Methodist Lesbian Tara Morrow Denied Deacon Position

United Methodist Church clergy voted against commissioning Tara Morrow as a deacon.

Last month, more than a hundred United Methodist Church clergy members and candidates, ahead of the Church's 2016 General Conference, sent a letter to the Church, requesting a change in its stance on homosexuality. No decision was taken during the General Conference, the delegates just appointed a commission to study the issue and report back. As of now, it is still the stance of the Church that the practice of homosexuality is not compatible with Christian teaching.

Methodist Lesbian Tara Morrow Denied Deacon Position[/tweetthis]

Last week, the clergy members of the Baltimore-Washington Annual Conference, in an executive session, voted down the commissioning of Tara "T.C." Morrow as a deacon in the United Methodist Church. Morrow, who is married to another woman, was recommended by the Board of Ordained Ministry to be commissioned as a Provisional Deacon in January 2016. According to UMConnection, the conference’s newspaper, Morrow failed to receive the two-thirds vote needed for approval.

Morrow is a member of the Foundry United Methodist Church located at Washington D.C. She is an employee of the National Religious Campaign against Torture, based in Washington.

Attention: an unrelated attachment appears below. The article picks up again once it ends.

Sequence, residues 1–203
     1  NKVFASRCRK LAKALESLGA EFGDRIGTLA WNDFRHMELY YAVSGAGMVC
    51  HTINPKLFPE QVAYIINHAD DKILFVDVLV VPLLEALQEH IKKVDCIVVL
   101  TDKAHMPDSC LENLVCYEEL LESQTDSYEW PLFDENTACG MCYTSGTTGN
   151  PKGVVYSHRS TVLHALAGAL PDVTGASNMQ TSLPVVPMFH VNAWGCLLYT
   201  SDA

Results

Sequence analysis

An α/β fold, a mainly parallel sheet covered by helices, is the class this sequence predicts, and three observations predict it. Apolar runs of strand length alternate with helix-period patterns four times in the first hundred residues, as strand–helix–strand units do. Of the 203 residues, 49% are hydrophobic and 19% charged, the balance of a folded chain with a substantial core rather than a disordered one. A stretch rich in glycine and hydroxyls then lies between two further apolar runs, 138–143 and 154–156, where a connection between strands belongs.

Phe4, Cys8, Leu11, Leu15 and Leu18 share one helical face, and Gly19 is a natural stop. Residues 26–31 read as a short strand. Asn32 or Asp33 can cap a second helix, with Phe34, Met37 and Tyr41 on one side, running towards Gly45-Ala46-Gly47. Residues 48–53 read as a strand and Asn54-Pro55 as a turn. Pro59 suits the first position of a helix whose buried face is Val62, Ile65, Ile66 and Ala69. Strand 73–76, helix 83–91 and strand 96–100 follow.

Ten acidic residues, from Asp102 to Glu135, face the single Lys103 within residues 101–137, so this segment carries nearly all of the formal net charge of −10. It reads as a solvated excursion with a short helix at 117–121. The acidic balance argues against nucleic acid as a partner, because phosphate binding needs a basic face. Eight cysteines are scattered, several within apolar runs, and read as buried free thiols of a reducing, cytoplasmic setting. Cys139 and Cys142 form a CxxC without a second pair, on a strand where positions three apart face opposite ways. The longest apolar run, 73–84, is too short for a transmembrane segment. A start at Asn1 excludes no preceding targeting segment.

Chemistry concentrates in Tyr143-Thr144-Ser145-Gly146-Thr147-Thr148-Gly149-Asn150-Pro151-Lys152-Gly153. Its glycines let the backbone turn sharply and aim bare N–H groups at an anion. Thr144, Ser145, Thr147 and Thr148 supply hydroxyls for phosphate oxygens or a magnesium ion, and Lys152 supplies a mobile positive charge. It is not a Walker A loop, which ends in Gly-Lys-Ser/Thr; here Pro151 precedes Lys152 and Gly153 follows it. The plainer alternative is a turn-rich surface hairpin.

In a statement given to UMConnection, Morrow said that although the decision saddened her, she is hoping that the openness of the board recommendation would pose as an example to the commission appointed by the 2016 General Conference. Any discussions pertaining to the future of LGBTQ clergy and clergy candidates who are called by God to the leadership in Church are not just abstract discussions.

According to the Baltimore-Washington Area RMN (Reconciling Ministries Network), an organization dedicated to the inclusion of people of all sexual orientations and gender identities in both the practices and policy of UMC, the clergy members of the Baltimore-Washington Annual Conference always accept a candidate recommended by the ministry board. The case of Morrow is a rare one. Daniel Fisher, chair of the organization, said that their connection with the United Methodist suffers when their members have to live under a “do not ask, do not tell” environment.

When Morrow was recommended for the position, Reverend Charles Parker, chair of the board, in a statement released on behalf of the Board of Ordained Ministry, had said that the board in general does not consider the sexual orientation of any candidate. No exception was made in the case of Morrow as well.

Following the clergy meeting, Bishop Marcus Matthews also called for prayers for Morrow and her family. He also called for the unity of the church as it continues to seek and do the will of God.


Follow the Conversation on Twitter